Memphis Police Department Officer Darrell Adams, 34, died Saturday, Oct. 2, 2021, after being struck by an 18-wheel semitrailer truck. Photo courtesy of the Memphis Police Department.
Authorities continue to probe the death of Memphis Police Department Officer Darrell Adams, who was struck by an 18-wheel semitrailer truck on Saturday, Oct. 2.
Memphis Police Department officials told Coffee or Die Magazine on Monday that Tennessee Highway Patrol investigators detained an unnamed driver in connection with the fatal accident, but no charges have been filed.
The truck allegedly hit Adams, 34, at 11:08 a.m. Saturday while he stood along the shoulder of Interstate 40 West near North Watkins Street. He was one of a group of Austin Peay Station officers who had responded to reports of a two-car crash there.
“Today, my heart aches again for the loss of another dedicated servant of our city,” Memphis Police Department Chief C.J. Davis wrote in a prepared statement shared Saturday evening on social media. “I am in deep prayer for our officer’s family and the men and women of the Memphis Police Department.”
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Adams joined the force in mid-2016. He is survived by his wife.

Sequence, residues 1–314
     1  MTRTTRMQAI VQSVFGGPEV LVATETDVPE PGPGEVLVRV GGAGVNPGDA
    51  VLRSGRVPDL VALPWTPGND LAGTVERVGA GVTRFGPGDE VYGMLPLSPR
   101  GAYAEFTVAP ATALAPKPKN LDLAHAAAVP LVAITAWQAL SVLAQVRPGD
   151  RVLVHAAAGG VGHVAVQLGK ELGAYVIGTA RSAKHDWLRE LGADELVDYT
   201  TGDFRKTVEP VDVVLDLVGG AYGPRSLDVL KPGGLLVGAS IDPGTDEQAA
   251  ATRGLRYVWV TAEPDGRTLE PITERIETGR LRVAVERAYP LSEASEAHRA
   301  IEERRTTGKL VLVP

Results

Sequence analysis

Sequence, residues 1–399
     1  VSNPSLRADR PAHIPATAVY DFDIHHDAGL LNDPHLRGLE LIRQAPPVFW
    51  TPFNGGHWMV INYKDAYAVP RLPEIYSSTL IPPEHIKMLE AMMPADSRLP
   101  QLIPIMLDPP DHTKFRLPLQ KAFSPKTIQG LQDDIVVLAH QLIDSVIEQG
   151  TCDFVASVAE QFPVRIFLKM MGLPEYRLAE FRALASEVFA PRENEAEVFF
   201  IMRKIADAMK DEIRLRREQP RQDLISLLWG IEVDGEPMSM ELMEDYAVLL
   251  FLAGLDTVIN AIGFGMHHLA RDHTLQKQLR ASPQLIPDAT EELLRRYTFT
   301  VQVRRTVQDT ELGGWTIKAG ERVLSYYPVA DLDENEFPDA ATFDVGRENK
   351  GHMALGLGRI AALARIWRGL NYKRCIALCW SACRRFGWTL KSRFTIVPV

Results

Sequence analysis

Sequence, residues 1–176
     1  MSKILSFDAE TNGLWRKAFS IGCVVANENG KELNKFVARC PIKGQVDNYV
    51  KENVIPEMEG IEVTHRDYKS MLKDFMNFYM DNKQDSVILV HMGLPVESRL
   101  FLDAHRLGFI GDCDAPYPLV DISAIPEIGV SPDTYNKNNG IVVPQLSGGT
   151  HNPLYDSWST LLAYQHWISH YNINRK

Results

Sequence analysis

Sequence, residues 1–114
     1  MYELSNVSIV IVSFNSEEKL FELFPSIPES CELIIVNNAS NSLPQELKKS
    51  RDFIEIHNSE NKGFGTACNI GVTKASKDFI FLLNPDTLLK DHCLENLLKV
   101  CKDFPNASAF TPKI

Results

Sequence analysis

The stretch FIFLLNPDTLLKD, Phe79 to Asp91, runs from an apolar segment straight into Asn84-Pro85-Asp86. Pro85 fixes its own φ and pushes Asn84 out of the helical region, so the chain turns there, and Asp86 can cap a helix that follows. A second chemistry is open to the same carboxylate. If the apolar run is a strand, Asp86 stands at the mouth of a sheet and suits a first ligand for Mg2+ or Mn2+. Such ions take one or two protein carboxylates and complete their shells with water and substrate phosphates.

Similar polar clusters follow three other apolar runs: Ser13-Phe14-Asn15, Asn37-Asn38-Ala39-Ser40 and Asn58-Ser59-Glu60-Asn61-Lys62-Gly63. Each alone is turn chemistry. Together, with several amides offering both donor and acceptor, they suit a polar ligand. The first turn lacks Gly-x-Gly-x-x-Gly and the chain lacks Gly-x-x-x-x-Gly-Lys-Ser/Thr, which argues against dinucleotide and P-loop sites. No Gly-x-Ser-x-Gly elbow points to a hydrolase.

Tennessee Highway Patrol officials didn’t respond to Coffee or Die‘s messages seeking comment.
Adams became the second Memphis Police officer to die in the line of duty this year, according to the department’s official in-memoriam website.
On May 22, Officer Scotty Triplett was on his motorcycle performing escort duties when an oncoming car struck him. The officer died of his injuries at a nearby hospital.
According to the National Law Enforcement Officers Memorial Fund in Washington, DC, vehicle accidents have killed 47 officers so far this year — a 31% increase from the same period in 2020.
“It is a tragedy and it is something that we as law enforcement officers have to deal with far too often,” Shelby County, Tennessee, Deputy Sheriff Ernice Long told Coffee or Die.
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“As far as traffic accidents, It happens far, far too often,” Long continued. “Most of the time it’s because somebody is not really paying attention when we’re out there on the streets trying to handle some traffic event or something like that.”
The Tennessee Department of Safety counts 986 traffic fatalities in the Volunteer State this year — a 10% rise from 2020.
Noelle is a former staff writer for Coffee or Die through a fellowship from Military Veterans in Journalism. She has a bachelor’s degree in journalism and interned with the US Army Cadet Command. Noelle also worked as a civilian journalist covering several units, including the 75th Ranger Regiment on Fort Benning, before she joined the military as a public affairs specialist.
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